The Science of PKD

There is currently no treatment or cure for PKD, but there are more researchers, clinical trials and people pulling together to fight this disease than ever before. There is hope - hope for a treatment, hope for a cure, hope for a long and happy life despite PKD. Learn here how PKD affects you and your loved ones.

General Information About Inheritance

  • Human beings have 23 pairs of chromosomes.  One chromosome of the pair comes from the mother and the other chromosome comes from the father.  Figure 1
  • Chromosomes are made of gene pairs containing deoxyribonucleic acids (DNA).
  • What deoxyribonucleic acids are present and how they are arranged along the gene code for proteins the cells need to grow and function.
  • Genes can be dominant, recessive or co-dominant.
  • A dominant gene means that disease trait appears when only one gene of the gene pair is mutated.
  • A recessive gene means that disease trait appears only when both genes of the pair carry the mutation.
  • Co-dominant genes mean that each gene can affect the trait.  Example:  A brown-eyed man and a blue-eyed woman have a child with hazel eyes.

Autosomal dominant polycystic kidney disease – ADPKD

  • 85% of mutations in ADPKD occur in chromosome 16 (PKD1 gene).  This gene pair makes a protein called polycystin-1 (PC-1). Figure 2
  • 15% of mutations in ADPKD occur in chromosome 4 (PKD2 gene).  This gene pair makes a protein called polycystic-2 (PC-2). Figure 2
  • Research has shown that the PC-1 and PC-2 proteins interact in kidney cells and affect cell growth and function.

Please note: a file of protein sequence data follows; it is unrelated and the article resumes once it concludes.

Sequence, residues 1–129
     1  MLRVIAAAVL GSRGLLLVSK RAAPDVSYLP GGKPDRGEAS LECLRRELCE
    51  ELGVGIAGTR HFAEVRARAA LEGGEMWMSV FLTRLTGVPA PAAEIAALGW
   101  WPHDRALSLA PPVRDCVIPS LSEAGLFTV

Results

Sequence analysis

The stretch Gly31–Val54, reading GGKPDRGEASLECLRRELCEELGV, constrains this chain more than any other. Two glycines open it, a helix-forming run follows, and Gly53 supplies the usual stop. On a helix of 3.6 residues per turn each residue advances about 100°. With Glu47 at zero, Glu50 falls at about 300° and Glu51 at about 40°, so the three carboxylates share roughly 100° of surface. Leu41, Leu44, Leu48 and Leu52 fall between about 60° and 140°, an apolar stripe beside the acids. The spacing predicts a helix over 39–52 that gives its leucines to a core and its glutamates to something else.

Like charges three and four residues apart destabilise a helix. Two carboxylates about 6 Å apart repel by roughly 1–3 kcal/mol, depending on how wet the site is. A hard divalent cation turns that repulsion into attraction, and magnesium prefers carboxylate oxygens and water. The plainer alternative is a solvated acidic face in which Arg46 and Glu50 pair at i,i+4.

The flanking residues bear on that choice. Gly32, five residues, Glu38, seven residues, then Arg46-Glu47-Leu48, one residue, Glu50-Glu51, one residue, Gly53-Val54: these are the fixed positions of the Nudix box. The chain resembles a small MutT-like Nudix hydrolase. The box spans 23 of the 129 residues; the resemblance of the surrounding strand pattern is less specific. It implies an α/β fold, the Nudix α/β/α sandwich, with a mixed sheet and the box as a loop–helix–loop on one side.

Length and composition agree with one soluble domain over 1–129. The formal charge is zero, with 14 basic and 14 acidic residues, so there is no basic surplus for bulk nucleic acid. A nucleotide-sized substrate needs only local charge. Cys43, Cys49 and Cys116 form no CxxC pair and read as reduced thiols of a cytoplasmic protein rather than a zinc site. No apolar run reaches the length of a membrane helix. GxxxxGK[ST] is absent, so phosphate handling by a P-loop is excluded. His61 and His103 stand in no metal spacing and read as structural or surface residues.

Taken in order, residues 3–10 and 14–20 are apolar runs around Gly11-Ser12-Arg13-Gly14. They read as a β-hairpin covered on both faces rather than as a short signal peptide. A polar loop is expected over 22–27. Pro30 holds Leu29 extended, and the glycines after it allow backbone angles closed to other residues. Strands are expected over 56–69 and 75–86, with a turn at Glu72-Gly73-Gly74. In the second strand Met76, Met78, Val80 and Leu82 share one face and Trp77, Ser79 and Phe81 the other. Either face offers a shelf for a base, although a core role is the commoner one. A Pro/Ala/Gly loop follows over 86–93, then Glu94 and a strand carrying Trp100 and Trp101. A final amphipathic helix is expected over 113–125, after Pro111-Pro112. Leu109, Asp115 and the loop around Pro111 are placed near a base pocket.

• There is a family history of the disease.
  • Only one mutated gene of the pair is required for the disease to occur.  The mutated gene can come from either parent.
  • Every child carrying one mutated gene will have ADPKD.
  • Every conception carries a 50% chance of the child inheriting the mutated gene and having ADPKD. Figure 3

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Autosomal recessive polycystic kidney disease – ARPKD

  • ARPKD results from a mutation in chromosome 6 (PKHD gene).  This gene pair makes a protein called fibrocystin or polyductin. 
  • Both genes of the pair must carry the mutation for the disease to occur.
  • There is no family history of the disease because each parent carries only one mutated gene.
  • Each conception carries a 25% chance of the child inheriting both mutated genes and having ARPKD. Figure 4

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What is a cyst and how is it formed?

Two basic processes are involved in the formation of cysts:  Cell proliferation and fluid secretion.


Cell proliferation means that a kidney cell carrying the PKD mutation grows and then divides into two identical daughter cells.  This process continues, one cell into two, two cells into four, and so on, to form the wall of a cyst.  Since the cells being formed are all identical, this is called clonal growth.  Eventually the cyst becomes large enough and pinches off from the kidney tubule. 

Fluid secretion is the process by which the cyst fills with fluid.  Cellular mechanisms move sodium and chloride ions from the cell into the cyst, and water follows, forming the cyst fluid.

 Figure 1 - A normal male karyotype. A female would have two X's instead of an X and Y.


 Figure 2


 Figure 3


 Figure 4

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©2014, PKD Foundation ·The PKD Foundation is a 501 (c)(3), 509 (a)(1) public charity.

©2014, PKD Foundation ·The PKD Foundation is a 501 (c)(3), 509 (a)(1) public charity.

The PKD Foundation is a 501 (c)(3), 509 (a)(1) public charity.
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Founded in 1982, our vision is that one day,
no one will suffer the full effects of polycystic kidney disease.

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